More than any other foreign language film before it, Amour seems a sure-thing for winning the Oscar® for Best Foreign Language Picture of 2012. The year began with the Palme d’Or at Cannes where the film had its world premiere. It topped many critics’ award lists before winning the Foreign Language Award at the Golden Globes. It is even nominated for Best Picture in the Oscars®. I cannot remember the last time a foreign film crossed over into that category. Beyond the film’s accolades, director Michael Haneke has gained a reputation as one of the more important filmmakers working today. With every new film, the Austrian director has only ever upped his game. Amour is no less an example of his skill as an auteur. From his decisions in casting the lead roles to his efficient use of dialogue, Haneke has an awe-inducing ability to maximize the art of cinema to serve his end. Amour dwells on an elderly couple’s love as the wife debilitates from a stroke. The brilliance of the film lies in how Haneke takes such a simple premise to illuminate the viewer’s relationship with aging, and, in effect, living itself. The director, also the sole screenwriter, makes it clear that his film will be as much about death as it is about life when he opens the movie with the discovery of the body of Anne (Emmanuelle Riva) laid out on her bed, surrounded by decaying flowers. He implicates the viewer by next introducing she and her husband Georges (Jean-Louis Trintignant) as part of a crowd in a theater staring right through the screen, as a mirror of the cinema audience. In the crowd, people murmur (living) and cough (dying). An announcer warns members of the crowd to shut off mobile devices. After more murmurs and coughs, they applaud before the film cuts to the next scene: a ride home on the metro, where we get a closer look at the elderly couple but still at a distance and among people. The camera maintains a distance to show these are people among people. Anne and Georges are only faces in the sea of coughs and chatter. They are among us, yet they also are us. They are alive and near death. Life goes on, despite it slowing down for them. And, the film implies more subtly, we will all reach that state at some point, as well. As grim as it might seem, Amour spends much of its time reminding the viewer of his or her own mortality while humanizing this caring couple. Besides the initial establishing scenes in the concert hall and train, the couple is only ever presented in what will be Anne’s tomb: the couple’s culturally overflowing Paris apartment. They were musicians and teachers at some point before the events depicted in the film. A grand piano sits at the center of giant library, played only by a ghost at one point in the film. Paintings, CDs and books they have accumulated over their long lives together loom over their existence as the occupy their last few days on earth with mostly mundane things. Their kitchen is tiny by comparison, and it is here where Anne suffers her first stroke. Time seems to stop for her as Georges tries to get her attention, but she does not respond. When she comes back to awareness, she carries on as if nothing has happened. When Georges tries to explain what happened, Anne has no memory of the event. A frozen moment presents itself as the first shift toward the abyss. Haneke wastes no opportunity to present other frozen moments as eternity, such as Anne’s sudden desire to look at photo album and a beautiful and an exquisite, soundless montage of the paintings, some in detail, in Anne and Georges’ apartment. But the real game-changing moment, a sudden shift in awareness Haneke so skillfully plays with in his films, arrives during a conversation between the couple. There’s an exchange between the two about 45 minutes into the film. It’s a conversation loaded with speculation, what would to do for our loved one should something happen, such as the stroke Anne had so suddenly suffered. Every couple has imagined the thought whether aloud or in private contemplation. Up until this moment in the film this angle of perception did not come up. They were a couple who did things together. They were a unit, a team who will get through Anne’s ailment together. They had similar tastes and interests that buoyed their many years of marriage. If they could not beat this thing together, they would deal with it together. He offers his view: “Put yourself in my shoes. Haven’t you ever thought it could happen to me, too?” “Sure,” she responds, and here arrives Haneke’s signature twist of perception: “But imagination and reality have little in common.” Thus, the great, unbreachable gulf arrives between the couple. As Anne deteriorates, they begin to more clearly lose their bond and unified place in time together. It happens in humbling and humiliating circumstances. As a nurse goes through the motions of changing Anne’s diaper, dictating directions to Georges. Anne’s mortified face speaks volumes. Haneke presents scenes like these with no sentimentality, and Riva dives in with him, giving a brave, self-deprecating performance that captures an awareness of the gradual suffering of a helpless, aged person that feels not only heart-rending to watch but uncomfortable (she has also been singled out for a Best Actress Oscar®). Discomfort is also part of Haneke’s aesthetic. He sets up one of these with a visit from a successful former student of the couple (pianist Alexandre Tharaud playing a version of himself). Though the student shows empathy to see his teacher with a useless hook of a right hand, he also has a flourishing career with a recording contract and sold out shows. Alexandre’s moment on earth at the height of his career especially hits hard when he sends them a card calling their strength in the face of Anne’s stroke “beautiful and sad.” Anne cannot bear to listen to his CD after that sentimental note. What does anyone know about dying when they have so much life ahead of them? There are many moments such as these to look for, including several featuring their daughter Eva played by the always wonderful Isabelle Huppert. Of course the subject matter is difficult, but Haneke’s anti-sentimentality— also captured magnificently by the two brave leads— offers as much respect to living as it does death. There is a poetic reveal of the intermingling of life, death and love that vividly comes to light throughout Amour, not least of all in the final gesture of love by Georges to his wife. The best poetry is unsentimental and life-affirming. With Amour, Haneke reveals himself as a true poet of cinema. —Hans Morgenstern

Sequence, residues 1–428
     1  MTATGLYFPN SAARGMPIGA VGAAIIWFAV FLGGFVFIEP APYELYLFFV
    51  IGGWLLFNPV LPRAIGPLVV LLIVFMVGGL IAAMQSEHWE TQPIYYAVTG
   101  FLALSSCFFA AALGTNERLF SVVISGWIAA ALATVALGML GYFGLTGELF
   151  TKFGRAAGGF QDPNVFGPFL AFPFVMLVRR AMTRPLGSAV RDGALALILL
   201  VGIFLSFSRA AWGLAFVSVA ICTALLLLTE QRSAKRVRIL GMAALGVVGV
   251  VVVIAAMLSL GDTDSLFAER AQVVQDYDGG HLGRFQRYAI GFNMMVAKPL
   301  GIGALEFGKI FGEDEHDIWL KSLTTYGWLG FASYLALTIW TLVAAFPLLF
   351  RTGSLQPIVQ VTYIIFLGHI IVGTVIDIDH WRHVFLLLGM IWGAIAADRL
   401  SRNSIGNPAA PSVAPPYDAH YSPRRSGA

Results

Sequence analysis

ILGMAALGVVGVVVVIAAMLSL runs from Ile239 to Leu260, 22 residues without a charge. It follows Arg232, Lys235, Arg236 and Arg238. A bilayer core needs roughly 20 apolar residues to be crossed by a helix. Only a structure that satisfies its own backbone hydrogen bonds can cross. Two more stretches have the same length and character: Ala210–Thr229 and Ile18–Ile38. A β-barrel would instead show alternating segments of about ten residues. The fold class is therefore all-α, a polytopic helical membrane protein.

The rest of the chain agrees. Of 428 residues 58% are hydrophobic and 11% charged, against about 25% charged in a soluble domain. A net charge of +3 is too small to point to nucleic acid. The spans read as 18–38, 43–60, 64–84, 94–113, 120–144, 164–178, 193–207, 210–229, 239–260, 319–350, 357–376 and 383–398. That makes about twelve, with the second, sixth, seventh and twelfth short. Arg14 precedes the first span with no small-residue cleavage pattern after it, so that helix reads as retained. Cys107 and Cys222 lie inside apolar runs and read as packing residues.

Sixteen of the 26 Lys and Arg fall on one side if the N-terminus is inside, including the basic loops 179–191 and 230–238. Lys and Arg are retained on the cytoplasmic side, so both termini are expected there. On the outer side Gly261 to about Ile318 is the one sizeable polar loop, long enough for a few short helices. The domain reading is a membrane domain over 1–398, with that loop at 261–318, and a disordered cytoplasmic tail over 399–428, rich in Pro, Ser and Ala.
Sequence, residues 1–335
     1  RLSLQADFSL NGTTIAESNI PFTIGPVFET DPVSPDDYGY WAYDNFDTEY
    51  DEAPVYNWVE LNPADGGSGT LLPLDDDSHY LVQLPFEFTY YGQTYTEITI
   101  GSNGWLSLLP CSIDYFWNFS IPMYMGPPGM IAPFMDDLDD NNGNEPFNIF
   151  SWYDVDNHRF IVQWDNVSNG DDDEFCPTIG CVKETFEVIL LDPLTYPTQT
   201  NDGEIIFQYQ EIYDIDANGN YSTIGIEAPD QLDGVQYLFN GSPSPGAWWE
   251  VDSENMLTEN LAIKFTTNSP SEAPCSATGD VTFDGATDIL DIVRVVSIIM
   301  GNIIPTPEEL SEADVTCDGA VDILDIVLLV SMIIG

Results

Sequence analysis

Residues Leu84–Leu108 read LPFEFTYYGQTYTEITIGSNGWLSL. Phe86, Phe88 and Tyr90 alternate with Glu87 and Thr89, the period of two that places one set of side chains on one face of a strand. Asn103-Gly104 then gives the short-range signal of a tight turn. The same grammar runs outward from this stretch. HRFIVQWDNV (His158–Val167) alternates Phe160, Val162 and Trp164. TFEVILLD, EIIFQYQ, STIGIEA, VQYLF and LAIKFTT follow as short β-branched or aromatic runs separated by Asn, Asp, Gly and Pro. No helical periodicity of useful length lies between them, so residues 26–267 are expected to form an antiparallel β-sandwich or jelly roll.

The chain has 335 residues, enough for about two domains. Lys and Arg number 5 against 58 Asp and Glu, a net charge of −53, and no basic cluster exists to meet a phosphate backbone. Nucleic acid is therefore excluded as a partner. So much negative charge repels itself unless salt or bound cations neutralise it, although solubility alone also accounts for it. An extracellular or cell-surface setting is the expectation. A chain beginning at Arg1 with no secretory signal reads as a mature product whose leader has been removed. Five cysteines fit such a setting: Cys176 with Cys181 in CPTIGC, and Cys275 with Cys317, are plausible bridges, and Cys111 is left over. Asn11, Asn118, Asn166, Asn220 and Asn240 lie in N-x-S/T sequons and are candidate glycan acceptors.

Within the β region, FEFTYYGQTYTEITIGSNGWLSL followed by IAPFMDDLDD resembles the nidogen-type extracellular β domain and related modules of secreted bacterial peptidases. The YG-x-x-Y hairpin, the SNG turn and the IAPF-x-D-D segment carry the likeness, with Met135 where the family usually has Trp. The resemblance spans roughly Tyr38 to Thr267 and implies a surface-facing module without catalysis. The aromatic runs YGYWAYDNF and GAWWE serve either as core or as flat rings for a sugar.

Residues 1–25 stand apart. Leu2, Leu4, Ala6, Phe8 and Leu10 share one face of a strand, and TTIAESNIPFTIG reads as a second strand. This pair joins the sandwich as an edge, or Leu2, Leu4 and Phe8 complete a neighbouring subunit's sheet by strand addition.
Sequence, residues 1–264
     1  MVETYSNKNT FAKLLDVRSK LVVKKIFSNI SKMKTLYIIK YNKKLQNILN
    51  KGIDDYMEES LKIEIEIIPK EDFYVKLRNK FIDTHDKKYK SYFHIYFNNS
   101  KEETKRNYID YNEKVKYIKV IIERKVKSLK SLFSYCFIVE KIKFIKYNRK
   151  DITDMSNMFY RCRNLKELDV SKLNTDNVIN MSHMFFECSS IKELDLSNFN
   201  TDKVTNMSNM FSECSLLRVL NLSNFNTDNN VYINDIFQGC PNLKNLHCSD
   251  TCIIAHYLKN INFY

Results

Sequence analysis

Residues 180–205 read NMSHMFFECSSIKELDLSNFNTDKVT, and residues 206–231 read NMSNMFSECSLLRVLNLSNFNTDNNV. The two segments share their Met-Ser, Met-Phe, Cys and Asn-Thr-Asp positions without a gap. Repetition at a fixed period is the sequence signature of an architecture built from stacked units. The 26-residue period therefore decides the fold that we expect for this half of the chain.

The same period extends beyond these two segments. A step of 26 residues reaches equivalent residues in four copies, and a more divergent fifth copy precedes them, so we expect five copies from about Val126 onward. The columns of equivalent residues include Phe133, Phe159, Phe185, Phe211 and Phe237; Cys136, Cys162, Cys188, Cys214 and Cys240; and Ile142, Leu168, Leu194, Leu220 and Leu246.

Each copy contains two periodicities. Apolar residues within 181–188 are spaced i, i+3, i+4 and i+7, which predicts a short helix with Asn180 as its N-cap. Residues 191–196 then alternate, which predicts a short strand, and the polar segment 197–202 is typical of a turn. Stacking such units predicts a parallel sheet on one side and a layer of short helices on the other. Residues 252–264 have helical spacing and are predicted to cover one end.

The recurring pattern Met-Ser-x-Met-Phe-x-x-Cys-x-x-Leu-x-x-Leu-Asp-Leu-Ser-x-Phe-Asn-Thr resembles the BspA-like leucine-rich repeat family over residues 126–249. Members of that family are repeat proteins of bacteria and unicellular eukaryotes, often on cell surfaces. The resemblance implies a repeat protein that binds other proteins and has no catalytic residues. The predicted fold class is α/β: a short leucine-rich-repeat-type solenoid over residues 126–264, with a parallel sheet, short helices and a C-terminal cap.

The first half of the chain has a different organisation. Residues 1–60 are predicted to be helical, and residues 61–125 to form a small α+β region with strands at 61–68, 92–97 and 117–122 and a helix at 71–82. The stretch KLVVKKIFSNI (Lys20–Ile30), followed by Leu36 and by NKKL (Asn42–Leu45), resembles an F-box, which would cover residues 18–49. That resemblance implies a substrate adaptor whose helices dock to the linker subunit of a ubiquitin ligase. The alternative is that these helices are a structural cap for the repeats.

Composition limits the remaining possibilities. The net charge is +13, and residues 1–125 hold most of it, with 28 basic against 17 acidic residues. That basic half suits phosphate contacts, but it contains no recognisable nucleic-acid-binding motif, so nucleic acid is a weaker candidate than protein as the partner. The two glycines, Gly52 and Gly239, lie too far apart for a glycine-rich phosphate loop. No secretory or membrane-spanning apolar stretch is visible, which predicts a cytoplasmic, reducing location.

Amour is Rated PG-13 (growing old ain’t pretty, after all), runs 127 min. and is in French with English subtitles. Sony Pictures Classics provided a DVD screener for the purpose of this review. It opens in South Florida at the following theaters on Friday, Jan. 25:
Up-dates: The indie art house Miami Beach Cinematheque has added Amour to its line-up. It premieres just after Valentine’s Day, Feb. 22. After you’re done celebrating love in all its commercialized glory, go see Amour for your reality check. Visit this hotlink: for ticket information. It later arrives in mainland Miami’s art house, the O Cinema beginning March 1 (click here for ticket information and screening dates).
(Copyright 2013 by Hans Morgenstern. All Rights Reserved. This material may not be published, broadcast, rewritten or redistributed without permission.)